Wednesday, March 13, 2013

the unbearable lightness of dementia


Nothingness haunts being. 
Sartre claims we yearn for a solidity that always evades us, that however much we are established as, say, a Respected Judge, Competitive Businessman, Resolute Defender, Caring Father, Creative Artist, or even Innovative Pornographer, there is a part of us that knows it is all a pretense  We long for the comfort of knowing that we simply are whatever we are, to be one indisputable thing, in the way, say, that a rock is unchangingly a rock. We long for the solidity of objects. We desire to inhabit our being confidently and effortlessly (the French say "to feel good in one's skin), but our ease is ever eroded by the knowledge that we built our identity ourselves, on a foundation of nothingness. This is existential angst. Our lives are spent fleeing from this reality.

Do you know what I'm talking about? Do you ever feel exhausted by the effort of simply maintaining your own identity in the society of others? Does the foundational flimsiness of your identity prick your confidence from time to time?

Maybe this is what it is like to experience dementia. As our memory and cognitive agility declines, we lose our ability to maintain a solid fa├žade of identity. Like cold winter wind through a broken attic window, Nothingness creeps in, . Life, once solid-seeming, begins to lose its substance. Anxiety, which we had to this point always managed to suppress and conceal from ourselves, now begins to overwhelm. It's the same anxiousness, fear, and nausea hiding in all of us, only unleashed.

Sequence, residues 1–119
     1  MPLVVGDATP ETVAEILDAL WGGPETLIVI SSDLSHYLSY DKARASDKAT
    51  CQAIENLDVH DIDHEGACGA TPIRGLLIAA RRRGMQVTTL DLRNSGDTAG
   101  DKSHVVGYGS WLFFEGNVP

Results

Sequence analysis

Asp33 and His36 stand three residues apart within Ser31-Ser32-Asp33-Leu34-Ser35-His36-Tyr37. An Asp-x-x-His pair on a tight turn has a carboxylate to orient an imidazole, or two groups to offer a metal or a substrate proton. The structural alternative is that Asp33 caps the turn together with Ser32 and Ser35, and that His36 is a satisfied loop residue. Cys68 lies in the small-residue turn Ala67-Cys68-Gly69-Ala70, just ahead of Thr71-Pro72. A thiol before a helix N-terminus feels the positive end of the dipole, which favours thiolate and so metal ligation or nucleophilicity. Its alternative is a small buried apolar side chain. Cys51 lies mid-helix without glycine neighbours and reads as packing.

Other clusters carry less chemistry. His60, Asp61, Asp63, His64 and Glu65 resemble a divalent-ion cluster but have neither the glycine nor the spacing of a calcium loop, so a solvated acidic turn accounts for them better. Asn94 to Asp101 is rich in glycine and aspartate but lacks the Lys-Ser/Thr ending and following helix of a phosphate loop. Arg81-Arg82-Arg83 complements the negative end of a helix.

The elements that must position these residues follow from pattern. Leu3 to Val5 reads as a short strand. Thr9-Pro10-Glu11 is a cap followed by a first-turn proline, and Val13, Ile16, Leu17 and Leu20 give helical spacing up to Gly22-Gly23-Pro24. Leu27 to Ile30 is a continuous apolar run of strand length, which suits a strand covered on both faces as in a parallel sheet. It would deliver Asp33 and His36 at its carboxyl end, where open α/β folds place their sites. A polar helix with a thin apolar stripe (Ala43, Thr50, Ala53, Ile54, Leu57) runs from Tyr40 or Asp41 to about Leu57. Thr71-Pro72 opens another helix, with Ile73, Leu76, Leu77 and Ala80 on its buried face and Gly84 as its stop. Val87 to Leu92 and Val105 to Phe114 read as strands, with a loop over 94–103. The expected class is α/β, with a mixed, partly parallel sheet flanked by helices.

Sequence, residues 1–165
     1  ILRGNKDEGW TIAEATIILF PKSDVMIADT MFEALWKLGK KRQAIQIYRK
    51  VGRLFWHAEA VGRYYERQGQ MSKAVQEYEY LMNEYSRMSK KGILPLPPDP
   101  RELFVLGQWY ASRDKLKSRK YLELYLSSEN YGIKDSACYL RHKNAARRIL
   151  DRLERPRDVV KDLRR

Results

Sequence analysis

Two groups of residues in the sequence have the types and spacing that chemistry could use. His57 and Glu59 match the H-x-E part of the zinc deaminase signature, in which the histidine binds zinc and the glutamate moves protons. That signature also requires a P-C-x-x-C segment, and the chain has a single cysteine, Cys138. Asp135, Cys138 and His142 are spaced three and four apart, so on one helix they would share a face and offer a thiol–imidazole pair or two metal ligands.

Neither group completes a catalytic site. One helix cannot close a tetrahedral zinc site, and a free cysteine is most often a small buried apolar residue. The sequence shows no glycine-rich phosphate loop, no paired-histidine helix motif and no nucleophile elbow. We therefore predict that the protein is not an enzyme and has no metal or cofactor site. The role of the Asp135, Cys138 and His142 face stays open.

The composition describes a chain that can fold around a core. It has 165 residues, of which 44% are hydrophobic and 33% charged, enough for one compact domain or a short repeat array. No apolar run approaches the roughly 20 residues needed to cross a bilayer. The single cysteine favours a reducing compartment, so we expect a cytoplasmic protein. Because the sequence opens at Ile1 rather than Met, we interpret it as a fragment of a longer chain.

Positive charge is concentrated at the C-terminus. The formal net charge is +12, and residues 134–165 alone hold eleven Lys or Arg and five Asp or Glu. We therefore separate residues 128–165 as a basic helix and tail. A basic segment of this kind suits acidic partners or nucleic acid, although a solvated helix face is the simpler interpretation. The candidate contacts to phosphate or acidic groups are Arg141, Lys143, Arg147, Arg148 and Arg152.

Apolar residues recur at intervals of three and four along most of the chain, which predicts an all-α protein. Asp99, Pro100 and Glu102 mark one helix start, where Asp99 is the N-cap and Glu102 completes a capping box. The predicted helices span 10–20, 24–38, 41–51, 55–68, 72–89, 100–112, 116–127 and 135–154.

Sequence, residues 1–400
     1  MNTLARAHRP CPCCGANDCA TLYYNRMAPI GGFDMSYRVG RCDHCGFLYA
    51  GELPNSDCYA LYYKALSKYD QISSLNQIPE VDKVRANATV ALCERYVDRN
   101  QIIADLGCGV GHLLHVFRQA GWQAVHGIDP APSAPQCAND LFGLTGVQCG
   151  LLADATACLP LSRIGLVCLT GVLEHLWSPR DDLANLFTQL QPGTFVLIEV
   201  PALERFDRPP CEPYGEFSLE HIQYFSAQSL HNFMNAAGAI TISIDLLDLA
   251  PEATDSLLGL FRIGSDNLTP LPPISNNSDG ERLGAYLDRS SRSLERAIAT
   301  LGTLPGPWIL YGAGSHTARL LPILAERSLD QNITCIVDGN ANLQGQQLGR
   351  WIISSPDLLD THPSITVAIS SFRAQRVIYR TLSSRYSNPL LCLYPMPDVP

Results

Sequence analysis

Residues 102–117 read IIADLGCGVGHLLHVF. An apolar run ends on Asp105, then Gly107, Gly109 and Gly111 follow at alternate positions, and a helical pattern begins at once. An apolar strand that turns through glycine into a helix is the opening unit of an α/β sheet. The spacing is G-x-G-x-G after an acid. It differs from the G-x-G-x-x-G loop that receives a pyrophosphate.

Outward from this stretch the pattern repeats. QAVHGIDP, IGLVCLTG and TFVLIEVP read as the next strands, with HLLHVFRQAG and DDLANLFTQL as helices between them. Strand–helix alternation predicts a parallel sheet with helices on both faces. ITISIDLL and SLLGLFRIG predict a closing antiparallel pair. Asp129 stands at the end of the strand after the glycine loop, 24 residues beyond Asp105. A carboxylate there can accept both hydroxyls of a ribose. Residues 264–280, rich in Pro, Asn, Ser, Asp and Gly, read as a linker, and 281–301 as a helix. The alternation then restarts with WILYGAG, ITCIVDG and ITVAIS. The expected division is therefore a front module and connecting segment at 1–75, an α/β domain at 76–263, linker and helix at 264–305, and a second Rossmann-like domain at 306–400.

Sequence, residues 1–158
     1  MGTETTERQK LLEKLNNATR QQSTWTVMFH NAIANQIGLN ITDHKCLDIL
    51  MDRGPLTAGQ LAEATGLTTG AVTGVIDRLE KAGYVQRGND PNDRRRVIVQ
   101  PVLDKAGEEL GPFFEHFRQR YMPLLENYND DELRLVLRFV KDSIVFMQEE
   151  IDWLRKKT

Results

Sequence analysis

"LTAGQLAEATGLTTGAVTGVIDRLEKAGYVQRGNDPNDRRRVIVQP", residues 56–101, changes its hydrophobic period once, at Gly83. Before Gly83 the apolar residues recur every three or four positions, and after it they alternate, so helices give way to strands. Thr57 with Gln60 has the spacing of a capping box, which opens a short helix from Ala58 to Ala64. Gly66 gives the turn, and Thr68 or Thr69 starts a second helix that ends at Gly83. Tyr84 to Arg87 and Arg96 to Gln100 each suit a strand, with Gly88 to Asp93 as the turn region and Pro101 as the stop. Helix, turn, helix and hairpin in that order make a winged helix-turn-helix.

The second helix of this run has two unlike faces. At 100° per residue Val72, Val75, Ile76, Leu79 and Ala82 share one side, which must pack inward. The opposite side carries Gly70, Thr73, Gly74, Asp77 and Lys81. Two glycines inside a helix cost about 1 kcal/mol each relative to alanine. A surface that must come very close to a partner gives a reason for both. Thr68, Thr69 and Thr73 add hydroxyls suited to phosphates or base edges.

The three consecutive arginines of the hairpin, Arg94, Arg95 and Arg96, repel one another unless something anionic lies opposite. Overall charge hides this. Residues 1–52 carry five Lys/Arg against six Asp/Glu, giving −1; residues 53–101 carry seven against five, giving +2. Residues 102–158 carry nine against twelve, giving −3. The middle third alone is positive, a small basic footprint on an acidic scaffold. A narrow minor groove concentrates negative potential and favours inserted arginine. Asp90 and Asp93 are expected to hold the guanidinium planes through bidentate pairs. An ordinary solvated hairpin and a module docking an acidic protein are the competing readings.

Maybe this is why people with dementia sometimes retreat into the well established patterns of their youth. Perhaps, searching for solidity, they lean on whatever ways of thinking are still most intact. Neural pathways established earlier and reinforced over a lifetime are the strongest.

Maybe this is why doll therapy is sometimes effective for people with Alzheimer's disease, because it taps into primal drives to care and protect children. Perhaps these basic drives are solid-feeling and therefore comforting.


If you prefer less introspective fare, my other blog is for the more practical and professionally-minded reader

2 comments:

  1. Maybe that is why doll therapy works, or maybe it is the intrinsic human need for physical contact and comfort at a frightening and confusing time in their lives.

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  2. Indeed true. I'm trying here to imagine what it is that drives people with dementia to comfort, and proposing that it might be something familiar, rather than alien: existential fear. Only amplified.

    As to the source of the comfort, I'm proposing that innate, perhaps genetically rooted, drives to care for children may be among the last remaining sources of solidity in identities being consumed by dementia.

    I'm not suggesting people with dementia are retreating into childhood, rather that they are responding in an understandable and very human way to a deeply frightening and lonely situation.

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